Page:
It sounded like one of those crazy ideas that should have led to fun and adventure and ended in triumph. Instead it ended in tragedy.
Richard Swanson, pictured here, of Seattle, decided to raise money for charity by dribbling a soccer ball 10,000 miles to Brazil in time for the 2014 World Cup. Sadly, The Guardian reports that he only made it as far as Oregon. While walking down US Highway 101 near Lincoln City he was hit by a pickup truck on Tuesday and killed. The police have ruled it an accident and the driver has not been charged.
Swanson was only two weeks and about 260 miles into his trip. He had been posting updates about his journey on his Facebook page, including a photo of the last meal he ate, a hearty breakfast in Lincoln City just hours before being killed.
Rio Carnival 2012 is being looked upon as the Brazilian city’s “coming of age”. Not only are experts predicting a record number of revelers, but the world’s eyes will also be trained on Rio de Janeiro to see how it manages the crowds and festivities, particularly as the city prepares to host both the 2014 World Cup and the 2016 Olympic Games.
Organizers are pulling out all the stops to make this year’s Carnival celebration not only safe and smooth, but also an experience to remember. Here’s a rundown of what’s new about 2012’s festivities.
Shiny new Sambódromo
The world-famous Sambódromo stadium, home to Carnival’s renowned samba parades, just underwent a $20 million facelift in preparation for the 2016 Olympic Games. Unveiled Sunday, the renovations include new elevators, hospitality boxes, and sound equipment; improved access for people with disabilities; and improvements to the track where the samba dancers march. The new stadium will also be able to accommodate 12,500 additional spectators, which will make this year’s samba parades the biggest yet.
Rio Carnival 2012 will have plenty to offer celebrity-spotters. Jennifer Lopez, who recently recorded a sexy Carnival-themed commercial for Brahma beer, “was invited” to the Brazilian brewer’s private box at the Sambódromo for the samba parades. Playboy founder Hugh Hefner will be enjoying the parades from rival brewer Devassa’s box, reports the AFP. Fergie from the Black Eyed Peas has also confirmed her attendance on Twitter.
A recent survey released by SindRio, the city’s Syndicate of Hotels, Bars, and Restaurants, revealed that room rates in Rio’s main tourist areas have risen by an average of 17.6 percent from last year. The syndicate’s director told the Wall Street Journal that the price raise was due to sector-wide facility and service upgrades in preparation for the World Cup and Olympic Games.
According to the SindRio report, domestic tourism is also on the rise. As of January 30, 68 percent of all hotel reservations in Rio’s main tourist areas during Carnival weekend had been placed by Brazilians.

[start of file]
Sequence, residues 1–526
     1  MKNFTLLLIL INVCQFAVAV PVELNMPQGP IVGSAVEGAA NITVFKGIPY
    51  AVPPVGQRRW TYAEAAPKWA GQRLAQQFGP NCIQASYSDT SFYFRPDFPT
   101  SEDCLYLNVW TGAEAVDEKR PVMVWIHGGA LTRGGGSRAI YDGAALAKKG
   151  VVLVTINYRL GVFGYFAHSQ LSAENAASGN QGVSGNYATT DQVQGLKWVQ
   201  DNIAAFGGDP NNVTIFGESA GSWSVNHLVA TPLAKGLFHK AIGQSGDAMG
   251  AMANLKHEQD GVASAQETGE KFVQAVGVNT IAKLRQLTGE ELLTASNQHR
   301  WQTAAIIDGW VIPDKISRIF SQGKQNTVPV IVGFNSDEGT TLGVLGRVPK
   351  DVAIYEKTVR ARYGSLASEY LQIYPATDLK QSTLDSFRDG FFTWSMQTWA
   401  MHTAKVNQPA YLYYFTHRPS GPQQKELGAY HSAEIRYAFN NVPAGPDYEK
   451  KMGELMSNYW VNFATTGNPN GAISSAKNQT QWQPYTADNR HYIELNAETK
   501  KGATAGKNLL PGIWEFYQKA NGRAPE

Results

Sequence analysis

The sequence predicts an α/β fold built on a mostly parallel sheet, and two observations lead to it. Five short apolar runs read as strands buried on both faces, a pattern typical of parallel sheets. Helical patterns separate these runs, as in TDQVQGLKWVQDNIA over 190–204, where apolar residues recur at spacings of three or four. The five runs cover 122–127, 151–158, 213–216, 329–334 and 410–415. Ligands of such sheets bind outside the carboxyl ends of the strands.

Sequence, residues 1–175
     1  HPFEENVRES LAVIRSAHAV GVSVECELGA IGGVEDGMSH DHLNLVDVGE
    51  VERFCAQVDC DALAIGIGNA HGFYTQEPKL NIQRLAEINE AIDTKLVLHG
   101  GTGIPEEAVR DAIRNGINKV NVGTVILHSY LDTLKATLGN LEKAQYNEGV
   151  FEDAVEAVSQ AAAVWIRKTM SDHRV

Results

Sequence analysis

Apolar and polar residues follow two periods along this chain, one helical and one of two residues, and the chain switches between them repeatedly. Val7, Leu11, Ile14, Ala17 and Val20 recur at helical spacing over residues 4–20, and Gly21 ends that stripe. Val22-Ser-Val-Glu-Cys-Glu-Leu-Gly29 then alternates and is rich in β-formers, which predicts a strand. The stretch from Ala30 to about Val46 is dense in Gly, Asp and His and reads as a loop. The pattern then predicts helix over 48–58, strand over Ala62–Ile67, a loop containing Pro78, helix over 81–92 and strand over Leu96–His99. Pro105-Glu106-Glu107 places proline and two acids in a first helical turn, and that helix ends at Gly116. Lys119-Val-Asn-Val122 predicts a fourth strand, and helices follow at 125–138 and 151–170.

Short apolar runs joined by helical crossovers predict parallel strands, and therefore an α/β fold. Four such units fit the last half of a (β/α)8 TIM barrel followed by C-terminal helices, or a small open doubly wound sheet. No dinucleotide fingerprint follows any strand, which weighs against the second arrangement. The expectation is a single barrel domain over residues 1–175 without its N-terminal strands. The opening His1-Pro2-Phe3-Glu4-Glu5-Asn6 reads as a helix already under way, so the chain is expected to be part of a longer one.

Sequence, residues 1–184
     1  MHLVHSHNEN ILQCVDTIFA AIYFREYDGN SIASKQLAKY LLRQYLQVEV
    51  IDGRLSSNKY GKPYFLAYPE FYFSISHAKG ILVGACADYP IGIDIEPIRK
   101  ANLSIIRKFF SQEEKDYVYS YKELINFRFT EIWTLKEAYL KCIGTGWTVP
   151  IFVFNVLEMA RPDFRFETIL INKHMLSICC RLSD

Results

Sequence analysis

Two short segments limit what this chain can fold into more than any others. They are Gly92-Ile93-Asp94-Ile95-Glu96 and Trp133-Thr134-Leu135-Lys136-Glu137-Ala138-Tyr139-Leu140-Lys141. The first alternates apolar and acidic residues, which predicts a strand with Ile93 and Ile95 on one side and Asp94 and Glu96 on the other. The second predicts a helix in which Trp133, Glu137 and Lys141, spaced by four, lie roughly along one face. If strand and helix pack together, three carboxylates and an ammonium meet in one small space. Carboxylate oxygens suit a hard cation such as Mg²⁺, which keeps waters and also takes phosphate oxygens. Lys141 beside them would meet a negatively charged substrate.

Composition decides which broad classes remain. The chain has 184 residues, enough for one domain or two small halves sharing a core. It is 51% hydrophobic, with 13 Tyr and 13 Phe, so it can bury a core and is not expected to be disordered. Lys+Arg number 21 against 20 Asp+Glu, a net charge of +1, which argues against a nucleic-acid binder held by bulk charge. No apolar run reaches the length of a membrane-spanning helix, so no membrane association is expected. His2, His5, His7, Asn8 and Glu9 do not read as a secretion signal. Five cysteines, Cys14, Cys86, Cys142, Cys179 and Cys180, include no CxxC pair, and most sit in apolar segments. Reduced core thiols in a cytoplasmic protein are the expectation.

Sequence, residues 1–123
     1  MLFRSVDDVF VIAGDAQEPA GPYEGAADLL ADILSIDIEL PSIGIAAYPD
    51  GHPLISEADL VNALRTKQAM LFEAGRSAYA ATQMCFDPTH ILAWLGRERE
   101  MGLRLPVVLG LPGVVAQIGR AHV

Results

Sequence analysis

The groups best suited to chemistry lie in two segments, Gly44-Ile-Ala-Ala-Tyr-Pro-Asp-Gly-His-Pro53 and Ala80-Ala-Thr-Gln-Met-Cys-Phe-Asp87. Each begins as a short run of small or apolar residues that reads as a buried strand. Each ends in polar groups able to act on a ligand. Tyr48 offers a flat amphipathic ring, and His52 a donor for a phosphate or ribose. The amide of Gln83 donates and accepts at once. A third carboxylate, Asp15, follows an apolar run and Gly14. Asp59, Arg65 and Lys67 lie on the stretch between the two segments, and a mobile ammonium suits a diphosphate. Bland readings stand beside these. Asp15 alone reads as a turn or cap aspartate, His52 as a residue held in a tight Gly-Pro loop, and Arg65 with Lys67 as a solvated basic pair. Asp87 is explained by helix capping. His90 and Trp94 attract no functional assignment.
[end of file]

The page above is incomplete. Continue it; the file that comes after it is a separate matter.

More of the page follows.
Less rich foreigners
At the same time, the number of international reservations in the city’s top luxury properties is down, from 70 percent of bookings to a paltry 50 percent, reports the Brazilian Hotel Industry Association. The economic crisis in North America and Europe is the likely culprit, said the Journal.
Additional street security
Last week, Carnival organizers feared chaos after police officers and fire fighters announced they were going on strike just before festivities were due to kick off. Thankfully, the strike was poorly attended and fizzled until it was officially called off on Monday. For extra assurance, city officials have announced that they will dispatch 50,000 police officers to the streets of Rio, as well as send up a remote-control camera blimp to keep watch over the festivities.
Gadling coverage from day one!
Today, I’ll be heading down to Rio to provide up-to-the-minute dispatches on the good, the bad, and the outrageous aspects of Rio Carnival 2012. Stay tuned; this is a party you won’t want to miss.
Check out Gadling’s full range of Rio Carnival 2012 coverage here.
Get acquainted with the firm but supportive (like a good pillow) contenders on the official PFWC website and go cheer on Team USA tonight. Events kick off at 7pm at Brooklyn’s Polish National Home. Tickets are $20 at the door but a select number are available free if you RSVP fast.
On Thursday, FIFA announced that Qatar defeated South Korea, Japan, Australia and the United States in the race to host the 2022 World Cup. This historic decision marks the first time a Middle Eastern country will welcome a major sporting event.
FIFA’s choice has brought a significant backlash in the American media, with critics claiming that the summer heat (as high as 120 degrees Farenheit) will be unbearable and that a country the size of Delaware (with 1.6 million residents) will not be able to handle an estimated influx of 400,000 spectators.